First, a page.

This election seems to prove an exception in this regard. The opposition has not come forward with a progressive agenda and a powerful narrative that people relate to since 2002. The HDP is depicted as having a strong narrative in this election. But, I believe, its narrative is not powerful, inclusive and realistic enough to generate optimism and excitement among a large segment of society. But the governing AK Party seems also to experience the challenges of catching up with economic, social and political progress that it has spearheaded since 2002. It needs to adopt a new language and advance a new narrative that is in line with the new Turkey that it has been the primary author of. The emphasis on the political system is an important subject to discuss, but it is not a compelling narrative that appeals to a large section of society. The presidential system can only become a compelling issue for people when situated within a grand narrative. So we are heading towards an election that has thus far proved unable to put forward a narrative that is in line with the zeitgeist of the times.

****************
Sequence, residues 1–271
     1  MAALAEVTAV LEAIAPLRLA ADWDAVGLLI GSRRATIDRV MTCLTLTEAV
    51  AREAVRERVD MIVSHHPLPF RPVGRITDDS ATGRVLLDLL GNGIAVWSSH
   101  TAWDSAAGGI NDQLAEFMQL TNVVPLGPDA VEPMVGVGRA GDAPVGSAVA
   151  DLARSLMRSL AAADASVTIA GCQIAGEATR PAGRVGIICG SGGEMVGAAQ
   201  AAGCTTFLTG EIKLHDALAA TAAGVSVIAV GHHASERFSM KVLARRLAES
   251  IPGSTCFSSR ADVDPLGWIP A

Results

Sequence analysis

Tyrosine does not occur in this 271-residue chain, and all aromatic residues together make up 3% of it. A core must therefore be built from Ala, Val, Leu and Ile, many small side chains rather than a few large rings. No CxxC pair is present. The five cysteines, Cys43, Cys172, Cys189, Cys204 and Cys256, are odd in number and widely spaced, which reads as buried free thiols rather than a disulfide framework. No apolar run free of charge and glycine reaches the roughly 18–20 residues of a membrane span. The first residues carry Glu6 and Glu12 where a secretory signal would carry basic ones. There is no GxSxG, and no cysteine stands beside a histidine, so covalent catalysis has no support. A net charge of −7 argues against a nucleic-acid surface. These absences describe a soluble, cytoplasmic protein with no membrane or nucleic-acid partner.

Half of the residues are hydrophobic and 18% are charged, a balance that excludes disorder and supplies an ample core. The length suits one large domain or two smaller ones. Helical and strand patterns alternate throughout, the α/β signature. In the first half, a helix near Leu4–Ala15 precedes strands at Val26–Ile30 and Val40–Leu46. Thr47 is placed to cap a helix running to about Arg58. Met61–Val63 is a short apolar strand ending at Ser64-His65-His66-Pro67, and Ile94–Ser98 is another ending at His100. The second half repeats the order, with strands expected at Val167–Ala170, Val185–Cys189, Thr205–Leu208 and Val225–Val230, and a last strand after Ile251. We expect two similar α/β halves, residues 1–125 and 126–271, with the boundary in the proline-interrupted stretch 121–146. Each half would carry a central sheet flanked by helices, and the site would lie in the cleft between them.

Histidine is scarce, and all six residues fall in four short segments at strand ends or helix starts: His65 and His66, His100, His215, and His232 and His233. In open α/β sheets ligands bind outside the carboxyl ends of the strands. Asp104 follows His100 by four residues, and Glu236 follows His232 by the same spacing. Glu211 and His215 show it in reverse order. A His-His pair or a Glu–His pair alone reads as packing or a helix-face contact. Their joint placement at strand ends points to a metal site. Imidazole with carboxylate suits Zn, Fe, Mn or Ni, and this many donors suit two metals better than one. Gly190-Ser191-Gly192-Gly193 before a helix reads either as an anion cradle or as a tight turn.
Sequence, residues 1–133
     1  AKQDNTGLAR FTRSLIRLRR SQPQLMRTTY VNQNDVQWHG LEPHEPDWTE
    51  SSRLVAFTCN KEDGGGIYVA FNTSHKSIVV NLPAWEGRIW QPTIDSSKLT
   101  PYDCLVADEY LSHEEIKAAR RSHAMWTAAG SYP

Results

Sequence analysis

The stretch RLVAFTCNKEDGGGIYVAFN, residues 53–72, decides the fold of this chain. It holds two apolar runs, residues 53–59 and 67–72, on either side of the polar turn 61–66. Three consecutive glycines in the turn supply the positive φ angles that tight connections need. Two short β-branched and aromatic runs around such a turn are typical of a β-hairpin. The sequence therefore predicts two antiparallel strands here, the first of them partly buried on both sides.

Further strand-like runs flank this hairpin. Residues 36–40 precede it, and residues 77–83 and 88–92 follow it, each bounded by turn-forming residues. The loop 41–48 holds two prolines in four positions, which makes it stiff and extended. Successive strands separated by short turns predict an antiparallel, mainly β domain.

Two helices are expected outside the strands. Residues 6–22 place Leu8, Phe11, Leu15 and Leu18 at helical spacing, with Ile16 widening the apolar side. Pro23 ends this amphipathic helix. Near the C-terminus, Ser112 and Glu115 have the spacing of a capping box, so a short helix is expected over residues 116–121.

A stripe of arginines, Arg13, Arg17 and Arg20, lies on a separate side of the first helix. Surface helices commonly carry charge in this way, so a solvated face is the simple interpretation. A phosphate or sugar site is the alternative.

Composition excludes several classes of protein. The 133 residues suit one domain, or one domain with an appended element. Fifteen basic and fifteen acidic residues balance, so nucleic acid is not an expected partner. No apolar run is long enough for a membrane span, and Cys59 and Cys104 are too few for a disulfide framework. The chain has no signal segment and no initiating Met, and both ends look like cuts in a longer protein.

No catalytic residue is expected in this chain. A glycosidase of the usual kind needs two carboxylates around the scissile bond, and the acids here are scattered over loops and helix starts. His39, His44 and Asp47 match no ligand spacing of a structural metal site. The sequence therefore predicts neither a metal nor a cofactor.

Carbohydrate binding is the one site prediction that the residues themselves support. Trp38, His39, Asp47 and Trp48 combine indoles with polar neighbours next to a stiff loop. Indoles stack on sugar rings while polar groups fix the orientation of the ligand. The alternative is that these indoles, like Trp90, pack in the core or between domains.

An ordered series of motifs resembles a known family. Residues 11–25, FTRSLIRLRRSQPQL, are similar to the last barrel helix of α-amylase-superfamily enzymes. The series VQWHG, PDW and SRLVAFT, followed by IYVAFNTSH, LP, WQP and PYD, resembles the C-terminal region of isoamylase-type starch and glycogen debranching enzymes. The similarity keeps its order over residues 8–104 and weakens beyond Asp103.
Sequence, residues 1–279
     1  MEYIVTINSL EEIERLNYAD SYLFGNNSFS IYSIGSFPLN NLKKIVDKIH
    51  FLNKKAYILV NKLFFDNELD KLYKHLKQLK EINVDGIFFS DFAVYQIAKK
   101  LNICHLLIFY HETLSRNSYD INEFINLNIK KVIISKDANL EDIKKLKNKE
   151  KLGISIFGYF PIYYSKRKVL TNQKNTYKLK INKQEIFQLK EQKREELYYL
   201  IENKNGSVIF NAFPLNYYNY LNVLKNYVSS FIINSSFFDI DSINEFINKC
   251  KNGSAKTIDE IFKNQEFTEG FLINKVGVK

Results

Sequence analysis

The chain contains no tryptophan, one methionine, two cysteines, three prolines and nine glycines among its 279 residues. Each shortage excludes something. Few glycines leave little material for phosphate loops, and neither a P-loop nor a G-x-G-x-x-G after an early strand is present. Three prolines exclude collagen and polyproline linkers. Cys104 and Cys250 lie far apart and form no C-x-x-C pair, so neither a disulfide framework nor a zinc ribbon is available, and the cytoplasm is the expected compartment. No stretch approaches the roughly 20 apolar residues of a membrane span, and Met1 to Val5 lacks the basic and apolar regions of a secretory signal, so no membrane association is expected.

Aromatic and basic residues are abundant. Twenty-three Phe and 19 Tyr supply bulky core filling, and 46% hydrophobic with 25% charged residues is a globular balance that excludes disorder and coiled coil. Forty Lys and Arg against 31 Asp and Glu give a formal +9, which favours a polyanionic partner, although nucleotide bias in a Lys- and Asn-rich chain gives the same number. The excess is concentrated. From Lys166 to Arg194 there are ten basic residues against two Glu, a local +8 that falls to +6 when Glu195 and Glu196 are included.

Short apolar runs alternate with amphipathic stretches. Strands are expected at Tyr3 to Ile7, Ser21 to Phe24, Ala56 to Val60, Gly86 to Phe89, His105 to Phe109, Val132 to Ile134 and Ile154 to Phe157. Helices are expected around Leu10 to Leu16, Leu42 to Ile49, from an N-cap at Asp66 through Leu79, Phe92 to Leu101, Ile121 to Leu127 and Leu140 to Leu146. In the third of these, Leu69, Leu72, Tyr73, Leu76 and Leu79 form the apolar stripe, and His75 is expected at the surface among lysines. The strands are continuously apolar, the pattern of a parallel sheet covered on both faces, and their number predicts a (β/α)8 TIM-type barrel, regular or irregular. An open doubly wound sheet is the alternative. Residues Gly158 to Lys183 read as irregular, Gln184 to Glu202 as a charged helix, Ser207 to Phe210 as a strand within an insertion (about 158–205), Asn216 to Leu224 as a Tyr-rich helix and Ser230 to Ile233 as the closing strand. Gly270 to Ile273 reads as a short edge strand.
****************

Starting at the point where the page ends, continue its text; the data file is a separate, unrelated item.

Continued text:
Since no one is advancing a compelling narrative, then who will carry Turkey to the next level in economic, democratic, and political terms?
The AK Party remains the most viable alternative for this job not only because of its politics but also because of its social base. Despite its 13 years in office, it is still the most imaginative political force in the country. Its social base is much more dynamic than the CHP's or the MHP's social base and demands further improvement in its economic, political and social conditions. For the same reason, the HDP will remain the second most significant party that will exert pressure for change in Turkey.
But don't you think that this judgment sits oddly with the recent depiction of the AK Party as backsliding on earlier democratization or even turning outright authoritarian?